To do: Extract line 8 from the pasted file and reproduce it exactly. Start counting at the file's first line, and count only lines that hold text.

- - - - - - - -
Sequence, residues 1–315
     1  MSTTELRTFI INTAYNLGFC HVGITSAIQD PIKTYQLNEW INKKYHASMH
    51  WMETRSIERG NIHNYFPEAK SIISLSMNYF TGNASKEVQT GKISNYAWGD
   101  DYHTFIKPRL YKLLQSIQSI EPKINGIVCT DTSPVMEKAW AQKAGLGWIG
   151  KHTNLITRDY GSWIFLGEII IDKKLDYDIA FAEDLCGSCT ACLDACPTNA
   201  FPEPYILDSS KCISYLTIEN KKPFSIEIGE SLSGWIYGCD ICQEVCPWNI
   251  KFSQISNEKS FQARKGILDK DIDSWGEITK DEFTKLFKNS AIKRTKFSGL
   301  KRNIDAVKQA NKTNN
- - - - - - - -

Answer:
   301  KRNIDAVKQA NKTNN